Leo Rangell, M.D.

United States

Award Year: 1991

rangell-leo_4I am very moved to have been granted this Award. It is gratifying to be honored for one’s work by one’s colleagues.

If I may offer one serious reflection in what otherwise should be solely a celebratory mood, I would like to say that of the various achievements which might have elicited these awards, it is the combined scientific output of my fellow recipients, the present and the past ones, which I am most proud to join. What was honored in each case was not a paper, or an idea, but a lifetime body of thought. The uniqueness of psychoanalysis stands on its theory of understanding, in ferment in this area for decades. While its method leads to the past, its practice points to the future.

On a lighter note, as the one awardee who calls this area home, I would like to welcome my fellow honorees and the good friends of all of us, to breathe deeply of this garden spot at which we are assembled, and to toast what we have in common and what we are working together to achieve. Thank you for sharing this with us. – Leo Rangell

Dr. Leo Rangell is the Honorary President of The International Psychoanalytic Association since 1997. He is the first American to hold that position, his predecessors being Ernest Jones, Heinz Hartmann and Anna Freud. Dr. Rangell was President of The International Psychoanalytic Association for two terms, and President of The American Psychoanalytic Association twice, five years apart, the first such occurrence in over 50 years. He was President of The Los Angeles Psychoanalytic Society three times and President of the Southern California Psychiatric Society in its founding years, in 1955.

He is an Honorary member of the Los Angeles Psychoanalytic Society and Institute, the Southern California Psychoanalytic Society and Institute, the New Center for Psychoanalysis, the Los Angeles Institute and Society for Psychoanalytic Studies, the Peruvian Psychoanalytic Society, and the San Francisco Psychoanalytic Institute and Society.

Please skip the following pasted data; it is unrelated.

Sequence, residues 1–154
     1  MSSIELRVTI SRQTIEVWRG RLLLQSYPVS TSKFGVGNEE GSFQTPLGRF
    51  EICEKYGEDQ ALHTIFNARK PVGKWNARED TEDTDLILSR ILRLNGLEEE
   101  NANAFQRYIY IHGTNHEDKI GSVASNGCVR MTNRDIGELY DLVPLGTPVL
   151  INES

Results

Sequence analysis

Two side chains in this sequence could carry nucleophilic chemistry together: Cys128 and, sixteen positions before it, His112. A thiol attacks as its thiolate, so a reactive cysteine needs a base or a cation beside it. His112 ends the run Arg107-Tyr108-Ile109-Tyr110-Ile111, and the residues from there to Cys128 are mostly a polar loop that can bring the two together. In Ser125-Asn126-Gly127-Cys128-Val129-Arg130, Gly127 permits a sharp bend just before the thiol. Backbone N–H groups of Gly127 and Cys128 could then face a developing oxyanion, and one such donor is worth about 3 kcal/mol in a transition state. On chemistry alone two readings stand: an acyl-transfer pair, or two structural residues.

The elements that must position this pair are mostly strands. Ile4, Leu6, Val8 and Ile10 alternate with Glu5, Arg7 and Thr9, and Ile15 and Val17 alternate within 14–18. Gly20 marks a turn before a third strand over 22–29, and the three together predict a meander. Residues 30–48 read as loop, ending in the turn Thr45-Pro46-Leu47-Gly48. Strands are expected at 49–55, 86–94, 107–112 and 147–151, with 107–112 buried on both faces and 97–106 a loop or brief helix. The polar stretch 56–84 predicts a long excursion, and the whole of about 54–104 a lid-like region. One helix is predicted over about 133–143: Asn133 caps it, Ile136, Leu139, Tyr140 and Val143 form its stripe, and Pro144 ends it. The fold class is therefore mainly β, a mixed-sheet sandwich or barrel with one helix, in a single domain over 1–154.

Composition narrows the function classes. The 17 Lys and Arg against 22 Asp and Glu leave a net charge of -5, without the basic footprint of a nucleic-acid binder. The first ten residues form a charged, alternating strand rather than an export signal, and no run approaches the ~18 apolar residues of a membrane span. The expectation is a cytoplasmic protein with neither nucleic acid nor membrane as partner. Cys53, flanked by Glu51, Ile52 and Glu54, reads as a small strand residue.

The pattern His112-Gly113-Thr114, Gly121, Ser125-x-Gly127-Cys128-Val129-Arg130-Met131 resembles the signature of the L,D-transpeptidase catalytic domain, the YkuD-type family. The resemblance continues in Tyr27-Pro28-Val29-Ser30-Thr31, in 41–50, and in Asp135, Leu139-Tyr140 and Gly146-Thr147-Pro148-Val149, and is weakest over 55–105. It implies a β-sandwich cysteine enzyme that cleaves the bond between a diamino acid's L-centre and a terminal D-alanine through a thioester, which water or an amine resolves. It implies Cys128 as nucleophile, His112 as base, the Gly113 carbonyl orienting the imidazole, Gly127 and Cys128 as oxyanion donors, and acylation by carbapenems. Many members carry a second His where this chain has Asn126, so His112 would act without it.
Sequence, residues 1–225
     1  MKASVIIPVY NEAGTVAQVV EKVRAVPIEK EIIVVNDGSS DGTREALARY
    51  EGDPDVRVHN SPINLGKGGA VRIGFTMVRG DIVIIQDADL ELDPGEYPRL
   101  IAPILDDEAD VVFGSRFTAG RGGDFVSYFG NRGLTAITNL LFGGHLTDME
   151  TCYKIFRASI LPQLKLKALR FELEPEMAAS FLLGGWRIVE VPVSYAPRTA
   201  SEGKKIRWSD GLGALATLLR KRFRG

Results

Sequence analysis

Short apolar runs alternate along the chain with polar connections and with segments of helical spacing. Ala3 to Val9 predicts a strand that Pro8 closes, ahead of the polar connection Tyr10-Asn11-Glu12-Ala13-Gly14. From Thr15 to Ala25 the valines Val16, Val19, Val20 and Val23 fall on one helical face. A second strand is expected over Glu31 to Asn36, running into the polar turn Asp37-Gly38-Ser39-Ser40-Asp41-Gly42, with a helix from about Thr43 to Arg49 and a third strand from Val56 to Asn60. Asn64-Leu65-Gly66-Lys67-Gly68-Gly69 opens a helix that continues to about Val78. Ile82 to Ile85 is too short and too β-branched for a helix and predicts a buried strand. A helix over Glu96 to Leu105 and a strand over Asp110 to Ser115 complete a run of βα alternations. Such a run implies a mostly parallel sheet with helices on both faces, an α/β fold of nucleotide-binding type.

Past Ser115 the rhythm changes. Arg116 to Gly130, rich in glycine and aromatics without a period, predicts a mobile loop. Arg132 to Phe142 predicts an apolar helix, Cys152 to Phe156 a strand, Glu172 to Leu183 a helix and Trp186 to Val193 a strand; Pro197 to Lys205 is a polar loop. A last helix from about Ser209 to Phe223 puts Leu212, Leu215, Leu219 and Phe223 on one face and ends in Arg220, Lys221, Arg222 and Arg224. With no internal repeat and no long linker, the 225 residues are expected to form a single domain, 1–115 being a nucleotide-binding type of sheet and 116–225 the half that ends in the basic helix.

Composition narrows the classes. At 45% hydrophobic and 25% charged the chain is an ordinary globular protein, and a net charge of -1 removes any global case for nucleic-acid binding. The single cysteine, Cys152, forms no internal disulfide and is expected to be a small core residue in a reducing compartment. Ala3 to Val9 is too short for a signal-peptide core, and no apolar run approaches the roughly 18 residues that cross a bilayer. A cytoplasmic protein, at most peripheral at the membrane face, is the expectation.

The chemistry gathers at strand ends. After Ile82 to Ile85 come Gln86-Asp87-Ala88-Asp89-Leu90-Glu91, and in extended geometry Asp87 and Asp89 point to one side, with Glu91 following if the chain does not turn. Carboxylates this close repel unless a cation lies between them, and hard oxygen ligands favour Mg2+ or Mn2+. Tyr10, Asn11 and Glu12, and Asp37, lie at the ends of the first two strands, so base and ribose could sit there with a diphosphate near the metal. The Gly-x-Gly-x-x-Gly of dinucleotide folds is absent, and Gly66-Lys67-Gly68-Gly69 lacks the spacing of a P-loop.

He is Clinical Professor of Psychiatry at UCLA, Clinical Professor of Psychiatry (Psychoanalysis), University of California San Francisco, the first double appointment in the University of California system, and the first appointment in psychoanalysis. He has been John B. Turner Visiting Professor of Psychiatry at Columbia, Honorary Professor in Michigan, Wisconsin and many other places. He has served on the Editorial Boards of numerous Journals.

Dr. Rangell has delivered most of the Distinguished Lectureships, has won almost every award and received almost every honor in the field of psychoanalysis. It is said of Dr. Rangell that he has been the President of everything, and has won every honor twice. He was twice winner of the International Clinical Essay Prize of the British Institute for Psychoanalysis, in 1951 and 1953. He won the Heinz Hartmann Award of the New York Psychoanalytic Institute, the Sigourney Award of the American Psychoanalytic Association, the Distinguished Service Alumni award of the University of Chicago. He has been Visiting Scholar at the Sigmund Freud Center in the Hebrew University of Jerusalem, a Guggenheim Fellow on “The Unconscious Roots of the Decision-Making Process”, and a Fellow at the Center for Advanced Study in the Behavioral Sciences at Stanford.

Dr. Rangell is the author of over 450 scientific publications in psychoanalysis, psychiatry and neurology. His subjects span from the clinical to the theoretical, across the entire spectrum of psychoanalytic theory, from the microscopic, unconscious intrapsychic process, the locus of anxiety, and psychic trauma, to the widest socio-cultural concerns. He is the author of “The Mind of Watergate”, “Psychoanalysis at the Political Border”, and most recently “The Psychoanalysis of Public Opinion”.

A recent book, “My Life in Theory”, written as Dr. Rangell approached the age of 90, is a seminal overview, from direct participation, of the history of psychoanalytic theory. In that work, Dr. Rangell weaves together the cumulative course of psychoanalytic theory, and his personal observations of the subjective, interpersonal issues that both furthered and impeded its growth and development. People and ideas, Dr. Rangell states, play equal roles in this developmental history. In this summary work, Dr. Rangell elucidates his fusion of divisive and fragmenting theoretical developments into a unitary theory of psychoanalysis, which he has been writing about for half a century. Following his last book, “The Road to Unity in Psychoanalytic Theory,” comes “Music in the Head. Living at the Brain-Mind Border. (Your Brain Makes Sounds, Your Mind Makes Music and Dreams and Poems and Everything Else)” scheduled for publication in July 2009 as Dr. Rangell approaches the age of 96.

Click here for Dr. Rangell’s bibliography.

To read and listen to “Man in a Group” by Leo Rangell, click here. Although written more than three decades ago it is still a relevant contribution to its subject the compromise of integrity and the impact of the group on the individual.

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